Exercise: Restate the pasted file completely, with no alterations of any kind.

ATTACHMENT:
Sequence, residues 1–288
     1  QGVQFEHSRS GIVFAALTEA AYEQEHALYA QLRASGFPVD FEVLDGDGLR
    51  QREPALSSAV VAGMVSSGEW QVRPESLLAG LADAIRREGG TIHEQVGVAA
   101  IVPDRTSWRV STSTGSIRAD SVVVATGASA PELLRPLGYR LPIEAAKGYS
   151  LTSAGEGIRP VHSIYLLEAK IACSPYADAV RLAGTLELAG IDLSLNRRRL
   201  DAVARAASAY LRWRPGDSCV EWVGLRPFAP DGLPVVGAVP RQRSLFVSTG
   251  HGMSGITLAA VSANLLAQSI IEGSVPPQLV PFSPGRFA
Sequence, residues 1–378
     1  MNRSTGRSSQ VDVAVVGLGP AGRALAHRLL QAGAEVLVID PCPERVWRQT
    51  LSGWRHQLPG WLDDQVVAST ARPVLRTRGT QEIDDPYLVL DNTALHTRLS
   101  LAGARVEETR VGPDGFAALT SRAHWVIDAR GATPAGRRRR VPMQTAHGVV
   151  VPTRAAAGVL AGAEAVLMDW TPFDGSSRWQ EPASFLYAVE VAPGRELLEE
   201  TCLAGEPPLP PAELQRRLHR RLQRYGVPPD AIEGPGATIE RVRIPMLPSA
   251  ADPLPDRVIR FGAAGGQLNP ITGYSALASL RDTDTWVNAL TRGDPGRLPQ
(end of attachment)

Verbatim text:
Sequence, residues 1–288
     1  QGVQFEHSRS GIVFAALTEA AYEQEHALYA QLRASGFPVD FEVLDGDGLR
    51  QREPALSSAV VAGMVSSGEW QVRPESLLAG LADAIRREGG TIHEQVGVAA
   101  IVPDRTSWRV STSTGSIRAD SVVVATGASA PELLRPLGYR LPIEAAKGYS
   151  LTSAGEGIRP VHSIYLLEAK IACSPYADAV RLAGTLELAG IDLSLNRRRL
   201  DAVARAASAY LRWRPGDSCV EWVGLRPFAP DGLPVVGAVP RQRSLFVSTG
   251  HGMSGITLAA VSANLLAQSI IEGSVPPQLV PFSPGRFA
Sequence, residues 1–378
     1  MNRSTGRSSQ VDVAVVGLGP AGRALAHRLL QAGAEVLVID PCPERVWRQT
    51  LSGWRHQLPG WLDDQVVAST ARPVLRTRGT QEIDDPYLVL DNTALHTRLS
   101  LAGARVEETR VGPDGFAALT SRAHWVIDAR GATPAGRRRR VPMQTAHGVV
   151  VPTRAAAGVL AGAEAVLMDW TPFDGSSRWQ EPASFLYAVE VAPGRELLEE
   201  TCLAGEPPLP PAELQRRLHR RLQRYGVPPD AIEGPGATIE RVRIPMLPSA
   251  ADPLPDRVIR FGAAGGQLNP ITGYSALASL RDTDTWVNAL TRGDPGRLPQ